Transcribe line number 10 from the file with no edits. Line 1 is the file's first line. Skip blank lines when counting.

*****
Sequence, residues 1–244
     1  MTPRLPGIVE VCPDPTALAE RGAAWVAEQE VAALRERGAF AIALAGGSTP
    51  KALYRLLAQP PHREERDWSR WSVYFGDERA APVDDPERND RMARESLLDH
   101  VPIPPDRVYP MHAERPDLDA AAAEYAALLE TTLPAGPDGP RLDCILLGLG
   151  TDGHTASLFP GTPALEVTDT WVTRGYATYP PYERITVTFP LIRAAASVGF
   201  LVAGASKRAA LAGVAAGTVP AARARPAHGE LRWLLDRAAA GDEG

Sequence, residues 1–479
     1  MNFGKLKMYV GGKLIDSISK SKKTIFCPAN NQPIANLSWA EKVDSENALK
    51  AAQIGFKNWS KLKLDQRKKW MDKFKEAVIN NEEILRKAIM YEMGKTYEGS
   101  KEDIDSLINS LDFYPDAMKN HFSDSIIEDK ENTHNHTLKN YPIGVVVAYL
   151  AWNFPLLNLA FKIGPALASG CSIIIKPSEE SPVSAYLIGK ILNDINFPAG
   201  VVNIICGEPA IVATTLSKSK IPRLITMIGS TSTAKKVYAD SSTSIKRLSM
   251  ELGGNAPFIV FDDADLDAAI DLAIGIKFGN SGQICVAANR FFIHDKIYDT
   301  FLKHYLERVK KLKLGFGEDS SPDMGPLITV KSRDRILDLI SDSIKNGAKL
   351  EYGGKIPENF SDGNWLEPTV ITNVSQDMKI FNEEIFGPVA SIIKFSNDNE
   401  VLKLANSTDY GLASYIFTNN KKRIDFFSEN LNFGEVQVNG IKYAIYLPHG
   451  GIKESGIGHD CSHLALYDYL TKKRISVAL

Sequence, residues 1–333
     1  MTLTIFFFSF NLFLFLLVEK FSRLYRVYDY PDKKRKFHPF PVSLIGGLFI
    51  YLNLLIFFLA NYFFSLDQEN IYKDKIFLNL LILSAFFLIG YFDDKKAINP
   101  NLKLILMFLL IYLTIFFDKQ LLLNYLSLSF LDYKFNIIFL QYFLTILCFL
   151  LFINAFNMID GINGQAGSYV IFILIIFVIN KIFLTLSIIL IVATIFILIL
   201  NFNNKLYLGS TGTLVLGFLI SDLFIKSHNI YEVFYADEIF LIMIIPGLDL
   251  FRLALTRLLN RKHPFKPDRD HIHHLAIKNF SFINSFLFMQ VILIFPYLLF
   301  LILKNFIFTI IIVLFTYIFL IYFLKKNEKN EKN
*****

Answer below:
   101  KEDIDSLINS LDFYPDAMKN HFSDSIIEDK ENTHNHTLKN YPIGVVVAYL